With the groundhog seeing his shadow and predicting six more weeks of winter, I thought it might be a nice change of pace to put a hold on the winter-bashing and share a beautiful post, written and photographed by the amazing Angie Mahlke, all about embracing your inner child this winter and having a perfect snow day with your kids. We know winter can be a tough time for parents – with temperatures plummeting outside, kids cooped up in the house and germs everywhere – but today we want to remind you how special and amazing winter can be through a child’s eyes. If this post doesn’t motivate you to get out all your winter gear and brave the elements for some good old fashioned fun, I don’t know what will! Enjoy!
As a Minnesota native, all I know is brutally long, cold winters. Winter can start in November and run through April, sometimes even May. Winter is a child’s dream come true: a playground full of white, fluffy stuff to sled down or sculpt into snowmen and forts. A blank canvas of possibility. I spent many hours as a kid outside in the winter, bundled up in layers so thick it was an exercise in strength and agility just to walk. As a kid, those things never bothered me or slowed down my curiosity for new adventures.
But somewhere along the way, the years have muddied my view on this season. As a parent, winter can feel like an imprisonment. We spend long months inside, the walls of our house our jail cell. The kids run wild inside, their voices echoing and booming, my nerves rattled. They itch to go outside. They don’t see a frozen land, miles upon miles of white nothingness. Instead they see nature’s playground, countless activities awaiting them.
When I discard my tainted adult perspective and adopt their mindset, I’m taken back to my childhood days. When we get outside, despite the cold and damp and thousands of minutes of preparation to get us there, I remember what an amazing experience winter can be. We plop onto a fresh white plot of ground, flailing our arms and legs to create heavenly wings, and then balance precariously onto one side to get up without ruining our work of art—snow angels.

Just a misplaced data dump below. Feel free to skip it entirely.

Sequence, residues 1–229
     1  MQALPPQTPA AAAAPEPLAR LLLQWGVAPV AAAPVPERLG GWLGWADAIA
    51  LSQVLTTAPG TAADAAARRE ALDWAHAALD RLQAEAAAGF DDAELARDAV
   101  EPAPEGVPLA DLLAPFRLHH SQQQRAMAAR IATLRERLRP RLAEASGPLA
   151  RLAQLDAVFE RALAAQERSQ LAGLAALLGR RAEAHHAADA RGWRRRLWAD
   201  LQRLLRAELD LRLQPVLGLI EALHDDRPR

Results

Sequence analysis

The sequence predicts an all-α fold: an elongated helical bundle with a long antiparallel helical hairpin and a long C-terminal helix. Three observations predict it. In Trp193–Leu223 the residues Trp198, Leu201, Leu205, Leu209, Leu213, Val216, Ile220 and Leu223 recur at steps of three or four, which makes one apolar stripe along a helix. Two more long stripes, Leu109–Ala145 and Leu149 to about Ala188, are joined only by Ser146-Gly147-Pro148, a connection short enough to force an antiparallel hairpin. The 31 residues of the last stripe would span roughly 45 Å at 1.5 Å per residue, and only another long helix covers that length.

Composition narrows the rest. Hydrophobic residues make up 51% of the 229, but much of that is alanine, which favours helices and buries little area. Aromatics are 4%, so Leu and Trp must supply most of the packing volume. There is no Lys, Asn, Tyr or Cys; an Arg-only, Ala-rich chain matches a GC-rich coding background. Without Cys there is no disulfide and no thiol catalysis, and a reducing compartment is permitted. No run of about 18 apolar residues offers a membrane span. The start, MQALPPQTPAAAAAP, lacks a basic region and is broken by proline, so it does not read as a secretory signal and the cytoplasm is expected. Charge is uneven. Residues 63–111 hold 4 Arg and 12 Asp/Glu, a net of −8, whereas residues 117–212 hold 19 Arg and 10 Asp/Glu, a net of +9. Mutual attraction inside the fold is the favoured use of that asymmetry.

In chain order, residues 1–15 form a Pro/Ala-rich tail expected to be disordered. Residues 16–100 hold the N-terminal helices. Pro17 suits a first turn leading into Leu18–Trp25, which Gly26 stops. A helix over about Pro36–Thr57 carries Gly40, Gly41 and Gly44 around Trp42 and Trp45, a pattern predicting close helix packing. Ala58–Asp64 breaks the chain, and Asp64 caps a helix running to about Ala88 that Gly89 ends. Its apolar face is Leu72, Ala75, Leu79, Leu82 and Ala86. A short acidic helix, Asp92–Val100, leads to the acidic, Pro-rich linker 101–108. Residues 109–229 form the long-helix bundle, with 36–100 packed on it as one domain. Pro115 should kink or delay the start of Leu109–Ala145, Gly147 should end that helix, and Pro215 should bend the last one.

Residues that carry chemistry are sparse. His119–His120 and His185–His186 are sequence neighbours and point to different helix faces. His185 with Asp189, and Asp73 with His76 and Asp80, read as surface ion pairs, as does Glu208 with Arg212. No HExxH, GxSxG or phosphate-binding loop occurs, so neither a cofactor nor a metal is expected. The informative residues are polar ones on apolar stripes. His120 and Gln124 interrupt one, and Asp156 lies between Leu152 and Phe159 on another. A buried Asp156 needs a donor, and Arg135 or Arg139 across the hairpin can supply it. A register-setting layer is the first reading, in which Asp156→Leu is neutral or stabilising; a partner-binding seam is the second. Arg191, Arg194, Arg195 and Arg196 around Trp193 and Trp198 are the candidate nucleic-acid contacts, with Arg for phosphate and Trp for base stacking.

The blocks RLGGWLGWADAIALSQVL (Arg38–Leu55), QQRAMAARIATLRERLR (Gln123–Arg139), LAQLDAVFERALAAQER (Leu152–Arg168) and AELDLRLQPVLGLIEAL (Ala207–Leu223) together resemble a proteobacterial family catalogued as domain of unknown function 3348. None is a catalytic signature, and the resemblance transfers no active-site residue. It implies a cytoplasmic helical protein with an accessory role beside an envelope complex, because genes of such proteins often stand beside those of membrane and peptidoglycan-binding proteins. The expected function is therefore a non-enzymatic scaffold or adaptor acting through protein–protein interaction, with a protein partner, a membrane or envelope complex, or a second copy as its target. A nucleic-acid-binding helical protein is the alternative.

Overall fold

We scoop up heavy wet snow, the best kind for sculpting, and begin the process of creating a snowman. Scoop and smear, scoop and smear, until we form a lumpy ball for the body. Repeat the process for the head. Then we rummage around for items to be turned into body parts, maybe even run inside for winter accessories to dress the snowman. We name him. Ted. Fred. Olaf. Or simply Snowman. You must name him.
Days pass, weeks even, and we will check on him through a window, gauging whether he’s melting or surviving. In a particularly cold spell, the snowman might last a whole month. Eventually, we’ll go back out and collect the scarf and hat that sit where Ted or Fred or Olaf once was.
When I tap into my childhood spirit and forget the way the cold freezes my boogers on impact or the way the wind takes my very breath away, we will grab the sleds and find the nearest hill. We will take turns WHEEEEing our way down the hill, over and over again, our breathing becoming heavy from the exercise of climbing back up the hill each time.
Or we will cross the street to the big snow mountain made by the snowplows, a dumping ground turned snow fortress. We’ll climb to the top and slide down. Again and again. We’ll take cover behind it as a brother launches a snowball at us. Duck and hide. We’ll perch atop it, throwing snowballs onto the sleds below, an impromptu game born.
When I forget about the search for matching mittens, the struggle to cram feet into boots, the protests as the scarves get tied tightly around their faces…when I focus less on the process of getting us outside and more on the experience of being out in nature, then magic is made. It’s all in a change of perspective, and it’s always worth it.
So bundle up and get yourself and the kids outside. Enjoy the magic of winter through the eyes of a child. Trust me, you won’t regret it and neither will they. And, just remember, there’s always hot cocoa and marshmallows afterwards.
What was your favorite winter activity as a child?
I’m Angie: wife, stay-at-home-mom of three wild hyenas, an introvert with a creative itch that needs to be scratched. My creative outlets comes in the form of photography, writing, scrapbooking, crafting with my kids and sewing. We call Minnesota our home and are always on the lookout for kid-friendly things to do as a family for all seasons.